Al Carbón, a paladar in Old Havana, and The Granma, the small yacht that helped launch a revolution
Road Scholars, “People and Society - Havana and the Countryside"
Thursday, October 1, 2015 Day 4 of tour
The death of Fidel Castro yesterday, November 26, 2016 at age 90 propels me to resume my Cuban Chronicles. Cuba's future is uncertain but the people we met appeared to be accustomed to a way of life in which self-reliance, resourcefulness, and government safety nets, including medical care, offered a level of constancy and predictability to daily life. First 8 posts about Cuba begin HERE.
Today's activities: Morning lecture in our hotel, the Meliá Cohiba, from music professor Alberto Faya, tour Plaza de la Catedral, tour Taller Experimental de Gráfica de La Habana, tour Plaza de Armas, lunch at the paladar Al Carbón in Old Havana, tour Museo Nacional de Bellas Artes, tour the "hot corner" in Havana's Parque Central, visit La Floridita, finish with a fabulous night at the Buena Vista Social Club.
After a 9 AM lecture and slide show detailing the history of Cuban music, a tour of the Plaza de la Catedral, the Taller Experimental de Gráfica de La Habana, and Plaza de Armas, the cheerful band of Road Scholars enjoy lunch at the paladar Al Carbón in Old Havana. The original restaurant was an intimate little space in a dining room on the second floor of a home around the corner. Food at the old paladar was like food at a B&B but uniquely Cuban in taste and preparation.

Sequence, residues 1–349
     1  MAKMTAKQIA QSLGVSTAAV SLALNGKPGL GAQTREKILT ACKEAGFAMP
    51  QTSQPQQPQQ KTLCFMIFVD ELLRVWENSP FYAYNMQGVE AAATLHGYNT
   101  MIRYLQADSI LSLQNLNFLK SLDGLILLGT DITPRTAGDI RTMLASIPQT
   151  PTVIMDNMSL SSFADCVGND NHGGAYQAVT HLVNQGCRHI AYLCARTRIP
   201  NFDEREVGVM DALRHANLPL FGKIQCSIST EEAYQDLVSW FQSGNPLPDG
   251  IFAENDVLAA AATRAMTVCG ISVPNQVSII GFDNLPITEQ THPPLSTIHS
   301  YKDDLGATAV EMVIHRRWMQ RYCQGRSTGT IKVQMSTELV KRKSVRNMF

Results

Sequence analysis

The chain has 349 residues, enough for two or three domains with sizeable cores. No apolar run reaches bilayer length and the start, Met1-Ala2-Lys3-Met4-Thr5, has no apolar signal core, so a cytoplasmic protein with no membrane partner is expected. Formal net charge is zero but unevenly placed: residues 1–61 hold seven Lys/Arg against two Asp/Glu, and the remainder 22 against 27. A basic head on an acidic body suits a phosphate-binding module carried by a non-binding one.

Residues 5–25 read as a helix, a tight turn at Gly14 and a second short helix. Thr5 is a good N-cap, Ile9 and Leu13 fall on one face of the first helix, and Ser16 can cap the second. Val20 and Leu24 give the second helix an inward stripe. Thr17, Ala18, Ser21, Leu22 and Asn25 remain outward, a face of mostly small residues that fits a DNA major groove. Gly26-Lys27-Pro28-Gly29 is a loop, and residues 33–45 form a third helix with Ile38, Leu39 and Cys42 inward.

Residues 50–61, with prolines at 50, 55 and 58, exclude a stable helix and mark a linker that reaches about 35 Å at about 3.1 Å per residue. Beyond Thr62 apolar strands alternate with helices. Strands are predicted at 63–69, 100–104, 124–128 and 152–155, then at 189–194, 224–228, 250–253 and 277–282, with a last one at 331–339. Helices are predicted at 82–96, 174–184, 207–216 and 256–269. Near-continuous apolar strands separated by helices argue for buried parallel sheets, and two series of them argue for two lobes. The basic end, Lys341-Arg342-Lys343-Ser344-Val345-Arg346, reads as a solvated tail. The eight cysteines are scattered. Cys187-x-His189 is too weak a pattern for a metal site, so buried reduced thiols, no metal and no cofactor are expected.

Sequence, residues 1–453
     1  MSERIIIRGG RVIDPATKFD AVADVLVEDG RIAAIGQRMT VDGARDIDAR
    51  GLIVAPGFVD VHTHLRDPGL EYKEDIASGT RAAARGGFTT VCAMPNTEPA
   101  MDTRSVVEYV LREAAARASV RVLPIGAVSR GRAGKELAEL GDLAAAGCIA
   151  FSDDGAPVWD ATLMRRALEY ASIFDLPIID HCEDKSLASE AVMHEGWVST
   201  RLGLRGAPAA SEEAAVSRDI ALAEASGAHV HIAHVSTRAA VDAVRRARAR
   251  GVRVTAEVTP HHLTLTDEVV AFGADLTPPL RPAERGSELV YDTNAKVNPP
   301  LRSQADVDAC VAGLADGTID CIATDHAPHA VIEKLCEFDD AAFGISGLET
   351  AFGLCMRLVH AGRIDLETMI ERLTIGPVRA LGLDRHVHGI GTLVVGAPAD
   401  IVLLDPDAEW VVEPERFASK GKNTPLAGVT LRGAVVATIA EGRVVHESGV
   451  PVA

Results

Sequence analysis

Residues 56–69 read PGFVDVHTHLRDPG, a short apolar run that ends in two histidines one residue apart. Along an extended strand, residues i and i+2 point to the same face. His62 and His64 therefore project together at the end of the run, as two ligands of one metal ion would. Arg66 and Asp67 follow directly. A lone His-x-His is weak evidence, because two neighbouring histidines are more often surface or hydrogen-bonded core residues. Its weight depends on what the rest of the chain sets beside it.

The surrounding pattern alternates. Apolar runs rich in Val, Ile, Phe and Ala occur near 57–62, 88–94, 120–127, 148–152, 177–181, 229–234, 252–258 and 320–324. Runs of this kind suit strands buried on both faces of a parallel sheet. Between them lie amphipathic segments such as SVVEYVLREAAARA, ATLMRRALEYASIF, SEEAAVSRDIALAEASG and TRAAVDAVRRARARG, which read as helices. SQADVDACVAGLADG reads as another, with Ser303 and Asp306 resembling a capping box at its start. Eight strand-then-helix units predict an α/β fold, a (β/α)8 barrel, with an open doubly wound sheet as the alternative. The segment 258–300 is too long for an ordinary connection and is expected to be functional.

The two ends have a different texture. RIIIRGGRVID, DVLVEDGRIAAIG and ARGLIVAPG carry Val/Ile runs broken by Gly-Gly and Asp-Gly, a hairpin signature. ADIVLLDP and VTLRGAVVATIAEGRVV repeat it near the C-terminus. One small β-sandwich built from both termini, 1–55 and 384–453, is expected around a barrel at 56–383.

The restaurant today, says our cool Road Scholar group leader Carole Cloonan, is one of the finest upscale restaurants around, and still operated by the same family. The family's 29-year-old son has spent three years at the University of Havana learning how to become a chef. A handsome lad, he talks with pride about the food he’s been helping prepare since he was a kid in their home.